When you're not as big as the rest of the guys, sometimes you have to come up with different strategies to thrive. That seems to be what's happened with a rare fish found in Cuatro Ciénegas, Mexico. While big males of the species horde the females, the smaller guys have figured out a sneaky way to make sure their DNA gets passed on.
The fish is known as a Minckley's cichlid, marking it as a member of the cichlid group, which are tropical fish including angelfish, oscars and and tilapia. It is endemic to the spring-fed pools in Cuatro Ciénegas in northern Mexico. Most members of the cichlid group are monagamous, but not the Minckley. Instead, for this species, one large male lords over several females, meaning that for smaller fish, there is a lack of potential mates.
To overcome the shortage, the mini males hide out nearby when the dominant fish is breeding with a female. During this process, the female lays her eggs on a rock and then the male comes by and fertilizes the eggs with an invisible cloud of sperm. Instead of waiting for the large male to shoot his sperm, however, Ron Oldfield, a senior biology instructor at Case Western Reserve University (CWRU), figured out that the smaller male darts in and beats him to it.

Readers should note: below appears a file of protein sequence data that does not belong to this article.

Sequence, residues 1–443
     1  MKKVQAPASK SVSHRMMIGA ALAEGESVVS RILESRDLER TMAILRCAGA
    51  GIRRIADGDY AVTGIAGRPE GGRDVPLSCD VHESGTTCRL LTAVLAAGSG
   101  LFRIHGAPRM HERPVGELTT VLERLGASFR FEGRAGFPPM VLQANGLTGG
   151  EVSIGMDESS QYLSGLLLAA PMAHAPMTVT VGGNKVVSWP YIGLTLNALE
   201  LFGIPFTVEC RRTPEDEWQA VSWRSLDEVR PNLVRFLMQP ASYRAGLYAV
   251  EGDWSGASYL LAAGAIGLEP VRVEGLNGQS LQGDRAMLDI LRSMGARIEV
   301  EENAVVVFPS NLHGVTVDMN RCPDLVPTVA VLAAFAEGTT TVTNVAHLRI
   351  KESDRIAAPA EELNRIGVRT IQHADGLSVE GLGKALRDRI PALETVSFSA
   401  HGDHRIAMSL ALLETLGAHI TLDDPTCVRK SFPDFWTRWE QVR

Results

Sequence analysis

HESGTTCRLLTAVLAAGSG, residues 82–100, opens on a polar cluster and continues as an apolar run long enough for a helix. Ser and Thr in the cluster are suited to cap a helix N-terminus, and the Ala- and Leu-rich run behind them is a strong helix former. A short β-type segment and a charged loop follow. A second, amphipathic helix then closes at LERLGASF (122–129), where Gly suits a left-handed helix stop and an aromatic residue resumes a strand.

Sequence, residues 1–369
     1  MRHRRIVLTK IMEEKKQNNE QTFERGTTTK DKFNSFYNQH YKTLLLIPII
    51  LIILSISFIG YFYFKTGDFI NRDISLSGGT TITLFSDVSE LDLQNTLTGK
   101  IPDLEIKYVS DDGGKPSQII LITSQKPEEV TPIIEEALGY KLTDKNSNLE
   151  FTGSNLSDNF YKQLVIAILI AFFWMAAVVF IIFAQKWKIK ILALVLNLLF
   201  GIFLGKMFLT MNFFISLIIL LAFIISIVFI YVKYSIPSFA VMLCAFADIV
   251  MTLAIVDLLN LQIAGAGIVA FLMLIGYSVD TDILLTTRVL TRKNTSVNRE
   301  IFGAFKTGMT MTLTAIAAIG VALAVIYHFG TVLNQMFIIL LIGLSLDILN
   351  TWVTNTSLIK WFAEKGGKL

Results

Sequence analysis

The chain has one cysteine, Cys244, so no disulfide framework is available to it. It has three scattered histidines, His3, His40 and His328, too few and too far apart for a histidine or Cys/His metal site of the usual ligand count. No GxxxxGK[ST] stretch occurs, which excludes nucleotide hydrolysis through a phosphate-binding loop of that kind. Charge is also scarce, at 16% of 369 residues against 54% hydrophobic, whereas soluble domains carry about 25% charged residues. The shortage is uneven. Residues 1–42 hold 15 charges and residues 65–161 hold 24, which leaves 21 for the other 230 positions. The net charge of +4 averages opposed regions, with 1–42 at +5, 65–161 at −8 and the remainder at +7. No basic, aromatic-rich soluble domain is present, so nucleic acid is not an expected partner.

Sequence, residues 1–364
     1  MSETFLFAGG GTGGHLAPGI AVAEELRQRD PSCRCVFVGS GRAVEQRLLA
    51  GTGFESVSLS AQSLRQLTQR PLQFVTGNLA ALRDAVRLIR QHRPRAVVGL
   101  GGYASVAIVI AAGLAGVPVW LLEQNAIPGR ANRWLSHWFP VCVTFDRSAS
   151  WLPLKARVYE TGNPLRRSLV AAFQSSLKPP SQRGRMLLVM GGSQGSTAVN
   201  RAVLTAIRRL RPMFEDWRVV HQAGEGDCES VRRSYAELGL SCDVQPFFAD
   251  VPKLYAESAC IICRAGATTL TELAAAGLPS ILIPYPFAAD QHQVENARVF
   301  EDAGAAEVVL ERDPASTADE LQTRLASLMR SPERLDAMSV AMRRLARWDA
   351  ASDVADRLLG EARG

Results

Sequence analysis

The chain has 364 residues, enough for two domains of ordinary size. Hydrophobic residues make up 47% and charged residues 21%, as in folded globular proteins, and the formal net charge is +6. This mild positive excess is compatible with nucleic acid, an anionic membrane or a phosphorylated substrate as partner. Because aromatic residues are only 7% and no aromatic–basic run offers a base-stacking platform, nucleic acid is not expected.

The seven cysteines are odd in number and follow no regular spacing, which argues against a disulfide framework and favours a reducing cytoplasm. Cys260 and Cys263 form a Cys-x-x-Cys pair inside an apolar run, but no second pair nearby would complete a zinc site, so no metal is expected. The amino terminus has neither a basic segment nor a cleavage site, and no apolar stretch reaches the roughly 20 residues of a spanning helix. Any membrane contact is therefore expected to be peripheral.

He even caught the act on video as it took place in the 300-gallon aquarium in his office, in what is believed to be one of the few videos showing sneaking behavior – which is exhibited by just a few other species in the wild.
"A large, macho male – the largest fish in the tank – was mating with the largest female in the tank," Oldfield said. "Another, smaller male was hovering obliquely in the water, hiding next a large piece of wood near the water surface, and was pointed straight at the mating pair. As the female finished a pass, in a sudden burst, the small male dove to the rock, tilted his underside toward the eggs, and then leisurely swam away and went back to his hiding place."
Oldfield said that he noticed that the sneaking fish had an enlarged genital papilla, the external pouch that carries the sperm, which further lends evidence to the fact that the fish was there to deposit his DNA onto the eggs. He also observed the sneaking fish hanging around on the periphery of the mating pair, fighting off other males who might have had the same designs, and making several dashes to fertilize the eggs.
The fish from Oldfield's office will soon be relocated to Odysea, a new public aquarium in Scottsdale, Arizona.
Source: Case Western Reserve University